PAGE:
Paul A. X. Bologna
Stinging Sea Nettles: Population Biology and Impacts on food webs in New Jersey
Impacts of Invasive Sea Nettles (Chrysaora quinquecirrha) and Ctenophores on Planktonic Community Structure and Bloom Prediction of Sea Nettles Using Molecular Techniques.
This research project aims to evaluate sea nettle populations at early pelagic life history stages through molecular identification, to assess medusa stage distributions within the bay, and then predict the development of adult blooms. This process will use real-time PCR to quantify early pelagic stages and understanding the time lag between early appearance of ephyra and onset of juvenile and adults which will provide us with a temporal predictive model on the extent and severity of sea nettle blooms. Real-time PCR will allow us to not only determine and quantify the abundance of early medusa stages (ephyra), but also identify gametes and larval stages to assess sexual reproduction. Perhaps more importantly, standard collection of gelatinous zooplankton of this size damages ephyra and make it difficult to quantify abundance. Additionally, as sea nettles and other gelatinous zooplankton populations have increased, their distribution and abundance has the potential to shape planktonic food webs and larvae of benthic organisms (e.g., oysters and hard clams). Through our research, we will be able to determine the impacts of gelatinous zooplankton on pelagic communities and assess the relative contributions of Chrysaora compared to ctenophores in terms of their top-down impacts in this important New Jersey coastal system.
Assessing Seagrass Restoration and Mitigation in New Jersey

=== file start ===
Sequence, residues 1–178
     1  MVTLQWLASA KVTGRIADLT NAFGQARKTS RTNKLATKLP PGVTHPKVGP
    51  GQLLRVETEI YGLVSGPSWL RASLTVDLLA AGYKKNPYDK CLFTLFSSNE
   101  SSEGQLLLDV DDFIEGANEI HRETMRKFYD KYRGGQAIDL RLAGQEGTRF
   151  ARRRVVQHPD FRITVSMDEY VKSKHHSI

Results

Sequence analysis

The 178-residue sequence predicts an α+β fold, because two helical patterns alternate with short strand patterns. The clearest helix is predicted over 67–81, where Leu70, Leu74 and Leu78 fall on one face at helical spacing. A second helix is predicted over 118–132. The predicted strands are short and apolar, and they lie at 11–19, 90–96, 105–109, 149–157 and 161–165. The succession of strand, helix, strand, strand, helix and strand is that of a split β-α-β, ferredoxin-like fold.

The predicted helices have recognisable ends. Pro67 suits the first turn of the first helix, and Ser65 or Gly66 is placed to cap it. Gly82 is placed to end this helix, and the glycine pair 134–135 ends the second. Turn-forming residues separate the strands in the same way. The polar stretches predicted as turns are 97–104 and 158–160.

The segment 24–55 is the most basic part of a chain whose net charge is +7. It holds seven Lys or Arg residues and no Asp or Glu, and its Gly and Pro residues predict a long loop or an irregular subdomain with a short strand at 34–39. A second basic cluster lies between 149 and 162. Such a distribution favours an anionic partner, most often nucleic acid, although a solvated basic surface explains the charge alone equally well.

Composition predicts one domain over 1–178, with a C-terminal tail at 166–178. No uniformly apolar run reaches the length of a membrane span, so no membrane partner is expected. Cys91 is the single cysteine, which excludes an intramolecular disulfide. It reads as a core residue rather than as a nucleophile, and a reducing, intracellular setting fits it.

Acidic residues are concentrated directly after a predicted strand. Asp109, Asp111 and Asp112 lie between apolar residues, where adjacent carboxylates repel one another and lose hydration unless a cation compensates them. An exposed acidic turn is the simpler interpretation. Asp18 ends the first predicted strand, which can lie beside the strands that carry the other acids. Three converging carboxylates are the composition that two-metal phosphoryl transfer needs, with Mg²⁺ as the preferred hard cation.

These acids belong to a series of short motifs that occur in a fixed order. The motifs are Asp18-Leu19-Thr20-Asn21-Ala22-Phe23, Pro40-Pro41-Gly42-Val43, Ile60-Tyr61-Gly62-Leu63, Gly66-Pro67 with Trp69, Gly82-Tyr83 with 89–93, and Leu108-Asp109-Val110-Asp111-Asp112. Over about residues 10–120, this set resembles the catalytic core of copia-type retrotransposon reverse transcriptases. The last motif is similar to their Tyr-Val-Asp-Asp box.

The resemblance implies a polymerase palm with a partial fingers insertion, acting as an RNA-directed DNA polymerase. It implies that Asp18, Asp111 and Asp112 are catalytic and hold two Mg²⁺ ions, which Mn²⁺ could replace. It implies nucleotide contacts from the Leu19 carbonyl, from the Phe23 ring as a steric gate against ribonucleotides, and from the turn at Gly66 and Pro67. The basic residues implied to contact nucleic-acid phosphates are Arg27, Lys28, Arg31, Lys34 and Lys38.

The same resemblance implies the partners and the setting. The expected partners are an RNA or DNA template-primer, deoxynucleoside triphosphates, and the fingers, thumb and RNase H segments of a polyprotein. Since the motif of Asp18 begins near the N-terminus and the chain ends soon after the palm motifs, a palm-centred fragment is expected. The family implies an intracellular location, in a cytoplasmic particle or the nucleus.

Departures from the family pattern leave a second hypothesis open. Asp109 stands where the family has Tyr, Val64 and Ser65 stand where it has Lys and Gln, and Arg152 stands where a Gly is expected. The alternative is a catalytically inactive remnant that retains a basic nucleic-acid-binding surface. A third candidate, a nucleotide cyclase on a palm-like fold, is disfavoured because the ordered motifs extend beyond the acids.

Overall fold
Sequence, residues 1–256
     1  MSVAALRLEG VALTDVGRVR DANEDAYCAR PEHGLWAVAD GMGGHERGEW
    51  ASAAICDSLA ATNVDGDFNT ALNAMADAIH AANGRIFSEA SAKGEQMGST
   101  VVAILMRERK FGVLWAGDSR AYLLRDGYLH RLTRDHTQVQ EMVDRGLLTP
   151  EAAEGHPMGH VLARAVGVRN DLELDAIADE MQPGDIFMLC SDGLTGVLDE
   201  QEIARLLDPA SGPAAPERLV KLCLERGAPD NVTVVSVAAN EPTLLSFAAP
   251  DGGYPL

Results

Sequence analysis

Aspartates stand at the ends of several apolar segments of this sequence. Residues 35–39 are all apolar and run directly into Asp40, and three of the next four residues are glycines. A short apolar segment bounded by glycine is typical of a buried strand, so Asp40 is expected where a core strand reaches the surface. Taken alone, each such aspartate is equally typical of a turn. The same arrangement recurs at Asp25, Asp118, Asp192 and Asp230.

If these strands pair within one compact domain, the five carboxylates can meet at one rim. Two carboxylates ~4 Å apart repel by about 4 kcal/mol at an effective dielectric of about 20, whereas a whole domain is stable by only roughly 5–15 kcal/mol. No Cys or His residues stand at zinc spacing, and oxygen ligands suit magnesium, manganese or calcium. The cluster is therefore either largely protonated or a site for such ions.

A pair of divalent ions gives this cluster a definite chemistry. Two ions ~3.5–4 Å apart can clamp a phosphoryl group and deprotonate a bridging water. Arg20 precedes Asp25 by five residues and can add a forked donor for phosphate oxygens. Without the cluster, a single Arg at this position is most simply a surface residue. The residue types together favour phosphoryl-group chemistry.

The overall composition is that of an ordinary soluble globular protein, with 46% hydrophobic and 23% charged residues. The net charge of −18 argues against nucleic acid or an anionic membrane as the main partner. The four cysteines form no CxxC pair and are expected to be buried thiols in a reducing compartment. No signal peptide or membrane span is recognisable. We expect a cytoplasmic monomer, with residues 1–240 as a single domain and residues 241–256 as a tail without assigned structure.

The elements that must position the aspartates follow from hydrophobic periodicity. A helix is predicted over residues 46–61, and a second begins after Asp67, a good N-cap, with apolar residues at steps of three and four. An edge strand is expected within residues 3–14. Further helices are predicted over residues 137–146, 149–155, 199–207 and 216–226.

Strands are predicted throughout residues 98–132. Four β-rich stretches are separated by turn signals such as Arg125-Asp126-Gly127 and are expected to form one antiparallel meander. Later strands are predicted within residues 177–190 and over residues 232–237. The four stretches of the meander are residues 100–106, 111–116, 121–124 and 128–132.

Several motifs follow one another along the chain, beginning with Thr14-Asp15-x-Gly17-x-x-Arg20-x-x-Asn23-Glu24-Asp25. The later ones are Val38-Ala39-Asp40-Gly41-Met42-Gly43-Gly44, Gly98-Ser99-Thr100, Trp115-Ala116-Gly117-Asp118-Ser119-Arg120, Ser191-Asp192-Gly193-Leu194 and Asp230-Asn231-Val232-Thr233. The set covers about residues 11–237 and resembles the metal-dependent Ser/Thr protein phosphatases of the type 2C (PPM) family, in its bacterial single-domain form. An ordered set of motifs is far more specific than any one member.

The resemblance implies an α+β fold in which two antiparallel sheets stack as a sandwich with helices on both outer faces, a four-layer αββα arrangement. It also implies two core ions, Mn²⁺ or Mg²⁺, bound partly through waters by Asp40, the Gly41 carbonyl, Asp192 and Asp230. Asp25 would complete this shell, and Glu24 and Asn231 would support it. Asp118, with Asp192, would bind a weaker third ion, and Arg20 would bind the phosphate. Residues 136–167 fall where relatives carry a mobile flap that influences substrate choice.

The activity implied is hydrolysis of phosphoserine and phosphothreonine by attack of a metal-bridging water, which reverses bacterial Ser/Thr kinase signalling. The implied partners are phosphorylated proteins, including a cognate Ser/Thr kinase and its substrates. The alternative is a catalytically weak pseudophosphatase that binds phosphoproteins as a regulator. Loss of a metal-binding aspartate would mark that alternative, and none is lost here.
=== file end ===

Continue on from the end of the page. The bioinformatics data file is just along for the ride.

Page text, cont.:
Zostera marina (eelgrass) is one of the most widely distributed seagrasses in the world. It serves as essential fish habitat for many commercially and recreationally important species and provides stability to coastal systems through reductions in water velocity, increased wave attenuation, and stabilization of sediments. However, due to coastal eutrophication, Z. marina has undergone significant declines in spatial coverage throughout much of its range. Along the mid-Atlantic Coast, Z. marina declines have been linked to disease and changes in water quality and the problems facing many coastal managers relate to minimizing losses and increasing coverage through restoration efforts. In New Jersey, the wasting disease outbreak in the 1930’s is thought to be responsible for the elimination of Z. marina in the southern part of the state. Since limited natural transport of seeds can occur across these distances, active restoration may lead to significant increases in spatial coverage if successfully reestablished in these regions. Essentially, once small populations are established, they can expand vegetatively and through seed dispersal. This project will provide a critical assessment of the genetic structure of Z. marina populations in New Jersey and proved guidance for future restorations efforts.